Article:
Myocardin and myocardin-related transcription factors (MRTFs) are co-activators of SRF in mammalian cells (Wang et al., 2001; Wang et al., 2002) and in the Drosophila tracheal system (Han et al., 2004). We verified that restricted induction of extra terminal branches is not due to the absence of Drosophila MRTF in the other tracheal cells. Through overexpressing MRTF alone or with DSRF in all the tracheal cells, we did not observe the formation of additional terminal branches (n=37) (Fig. 2H,I,K). Similarly, co-expression of MRTF and the activated form of SRF did not induce more terminal branches than those induced upon expression of an activated form of SRF alone (n=102) (Fig. 2J,K).
Additional information supports the notion that DSRF activity alone is not sufficient to drive terminal branching. Upon expression of an activated form of SRF, ena, which encodes a downstream effector of DSRF (Gervais and Casanova, 2010), was uniformly transcribed in the tracheal cells (Fig. 2G). This finding indicates that under these conditions SRF is indeed active in all the tracheal cells even when supplementary branches arise only from cells in proximity to the normally occurring terminal branches.
These results suggest that factors other than DSRF or its co-factors, which are probably also dependent on BNL signalling, are required to promote terminal branch formation among tracheal cells. Consistent with this hypothesis, we did not observe any terminal branch formation upon tracheal expression of the same activated form of SRF in an otherwise btl mutant background (n=14) (Fig. 2M). Similarly, we found no terminal branch formation upon tracheal expression of activated SRF in mutant backgrounds for dof (downstream of FGFR; stumps – FlyBase), a component of FGF signalling (Vincent et al., 1998) (Fig. 2O).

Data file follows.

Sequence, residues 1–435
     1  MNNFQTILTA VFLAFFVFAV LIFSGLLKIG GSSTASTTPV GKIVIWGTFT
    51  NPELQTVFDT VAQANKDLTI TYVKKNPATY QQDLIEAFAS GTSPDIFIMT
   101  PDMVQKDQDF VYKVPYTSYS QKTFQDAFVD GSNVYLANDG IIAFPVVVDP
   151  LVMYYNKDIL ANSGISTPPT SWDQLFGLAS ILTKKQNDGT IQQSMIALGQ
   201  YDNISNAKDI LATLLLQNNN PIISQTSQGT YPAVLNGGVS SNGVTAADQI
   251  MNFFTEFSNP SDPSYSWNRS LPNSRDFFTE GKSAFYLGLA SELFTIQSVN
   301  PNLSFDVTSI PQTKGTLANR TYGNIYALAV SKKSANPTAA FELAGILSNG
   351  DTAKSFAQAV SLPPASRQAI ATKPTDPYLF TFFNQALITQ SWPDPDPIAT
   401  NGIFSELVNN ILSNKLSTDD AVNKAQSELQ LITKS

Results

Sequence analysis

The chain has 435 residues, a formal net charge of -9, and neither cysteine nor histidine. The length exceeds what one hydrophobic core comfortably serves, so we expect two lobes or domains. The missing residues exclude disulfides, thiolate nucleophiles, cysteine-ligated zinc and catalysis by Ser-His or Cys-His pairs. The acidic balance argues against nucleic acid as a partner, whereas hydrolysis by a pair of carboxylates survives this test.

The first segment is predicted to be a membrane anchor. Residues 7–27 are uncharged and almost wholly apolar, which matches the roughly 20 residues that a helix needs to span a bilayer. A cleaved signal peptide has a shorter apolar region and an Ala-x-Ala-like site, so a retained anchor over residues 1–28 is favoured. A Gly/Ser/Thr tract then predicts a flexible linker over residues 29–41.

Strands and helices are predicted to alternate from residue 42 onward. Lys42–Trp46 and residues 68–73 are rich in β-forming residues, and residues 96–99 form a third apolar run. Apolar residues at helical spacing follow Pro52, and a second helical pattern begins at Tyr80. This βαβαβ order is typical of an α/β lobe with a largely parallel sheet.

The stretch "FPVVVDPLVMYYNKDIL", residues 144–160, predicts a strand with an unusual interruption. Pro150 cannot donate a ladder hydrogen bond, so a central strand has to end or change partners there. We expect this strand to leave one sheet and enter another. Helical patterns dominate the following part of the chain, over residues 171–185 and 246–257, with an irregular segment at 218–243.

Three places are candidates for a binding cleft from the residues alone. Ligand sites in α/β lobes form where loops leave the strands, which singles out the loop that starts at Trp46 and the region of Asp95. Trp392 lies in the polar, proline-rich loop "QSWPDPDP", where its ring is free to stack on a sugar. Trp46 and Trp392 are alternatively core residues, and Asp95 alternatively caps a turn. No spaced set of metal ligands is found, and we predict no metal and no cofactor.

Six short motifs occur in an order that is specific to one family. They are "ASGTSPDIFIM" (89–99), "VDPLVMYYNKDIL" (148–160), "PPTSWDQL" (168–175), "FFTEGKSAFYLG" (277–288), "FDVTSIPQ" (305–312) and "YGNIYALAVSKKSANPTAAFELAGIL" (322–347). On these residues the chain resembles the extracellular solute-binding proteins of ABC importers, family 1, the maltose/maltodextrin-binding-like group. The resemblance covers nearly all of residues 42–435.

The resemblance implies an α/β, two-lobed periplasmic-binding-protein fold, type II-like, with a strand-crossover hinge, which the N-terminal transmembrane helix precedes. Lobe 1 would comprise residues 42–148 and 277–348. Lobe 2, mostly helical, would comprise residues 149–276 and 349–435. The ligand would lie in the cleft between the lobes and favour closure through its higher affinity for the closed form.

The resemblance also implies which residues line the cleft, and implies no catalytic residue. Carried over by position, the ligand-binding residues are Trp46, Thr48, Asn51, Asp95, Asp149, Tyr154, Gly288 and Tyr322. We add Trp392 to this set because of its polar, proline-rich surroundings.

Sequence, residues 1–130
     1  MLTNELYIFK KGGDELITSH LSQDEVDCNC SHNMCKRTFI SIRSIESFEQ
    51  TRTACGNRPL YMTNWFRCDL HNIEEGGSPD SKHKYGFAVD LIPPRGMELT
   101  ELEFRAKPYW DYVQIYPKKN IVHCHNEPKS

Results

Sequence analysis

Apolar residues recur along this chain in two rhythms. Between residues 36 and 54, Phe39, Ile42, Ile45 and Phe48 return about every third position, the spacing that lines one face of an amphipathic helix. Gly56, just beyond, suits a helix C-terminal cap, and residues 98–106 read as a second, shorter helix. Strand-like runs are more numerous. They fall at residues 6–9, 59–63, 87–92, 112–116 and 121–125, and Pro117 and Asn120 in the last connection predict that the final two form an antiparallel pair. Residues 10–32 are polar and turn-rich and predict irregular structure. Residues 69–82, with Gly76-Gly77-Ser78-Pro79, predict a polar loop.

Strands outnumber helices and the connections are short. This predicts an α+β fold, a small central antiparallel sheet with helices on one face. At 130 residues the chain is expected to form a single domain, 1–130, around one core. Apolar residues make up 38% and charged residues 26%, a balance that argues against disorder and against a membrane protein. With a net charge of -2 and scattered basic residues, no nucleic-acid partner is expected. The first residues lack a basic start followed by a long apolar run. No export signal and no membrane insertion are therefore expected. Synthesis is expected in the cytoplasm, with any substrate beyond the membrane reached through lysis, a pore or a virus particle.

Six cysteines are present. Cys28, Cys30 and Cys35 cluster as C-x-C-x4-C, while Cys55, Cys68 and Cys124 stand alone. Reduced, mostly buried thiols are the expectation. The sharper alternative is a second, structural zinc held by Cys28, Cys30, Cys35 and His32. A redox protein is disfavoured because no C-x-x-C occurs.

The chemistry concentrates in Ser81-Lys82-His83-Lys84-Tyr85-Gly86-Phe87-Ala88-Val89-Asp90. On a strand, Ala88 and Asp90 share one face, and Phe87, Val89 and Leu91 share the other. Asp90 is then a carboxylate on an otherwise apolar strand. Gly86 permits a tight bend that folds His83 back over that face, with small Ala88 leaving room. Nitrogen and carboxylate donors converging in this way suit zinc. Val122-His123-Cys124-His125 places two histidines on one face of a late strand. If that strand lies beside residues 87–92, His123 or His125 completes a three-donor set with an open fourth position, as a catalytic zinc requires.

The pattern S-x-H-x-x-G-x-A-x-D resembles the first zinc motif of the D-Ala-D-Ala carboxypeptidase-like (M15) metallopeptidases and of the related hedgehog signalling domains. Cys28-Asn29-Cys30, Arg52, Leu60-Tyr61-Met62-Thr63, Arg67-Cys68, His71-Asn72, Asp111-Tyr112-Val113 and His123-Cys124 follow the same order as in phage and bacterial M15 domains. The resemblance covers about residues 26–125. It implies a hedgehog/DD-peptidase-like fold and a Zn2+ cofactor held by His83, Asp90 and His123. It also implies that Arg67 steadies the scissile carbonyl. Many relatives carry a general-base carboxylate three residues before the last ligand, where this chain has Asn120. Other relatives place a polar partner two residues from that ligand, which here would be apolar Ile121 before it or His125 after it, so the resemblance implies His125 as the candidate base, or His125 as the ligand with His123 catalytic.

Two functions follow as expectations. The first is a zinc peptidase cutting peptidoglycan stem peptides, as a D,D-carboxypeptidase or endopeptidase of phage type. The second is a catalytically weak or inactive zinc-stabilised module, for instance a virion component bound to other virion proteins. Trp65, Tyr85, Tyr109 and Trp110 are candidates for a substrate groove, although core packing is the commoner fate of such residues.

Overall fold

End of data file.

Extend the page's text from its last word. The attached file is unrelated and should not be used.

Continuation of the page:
High levels of BNL can bypass the requirement of DSRF for terminal branch formation
The results above indicate that terminal branch morphogenesis initiates normally in DSRF mutants. To examine this issue further, we took advantage of a BNL overexpression assay used to illustrate the capacity of BNL signalling to induce terminal branches (Sutherland et al., 1996). This induction has been attributed to the concomitant general triggering of DSRF expression in tracheal cells (Fig. 3A), which is accompanied by BNL signalling (as assessed by dpERK staining) (Fig. 3B). However, in a DSRF mutant background BNL overexpression also induced terminal branch formation (100%, n=19) (Fig. 3C). These ectopic branches are true seamless branches with an intracellular lumen, as shown by the absence of DE-Cadherin (DE-Cad) autocellular junctions (Fig. 3D). Therefore, high levels of BNL signalling initiated terminal branch induction in the absence of SRF transcription. Furthermore, on the basis of the length of the intracellular tubes (Fig. 3C,D), continuous BNL activity also supported the progression of terminal branch elongation even in the absence of DSRF.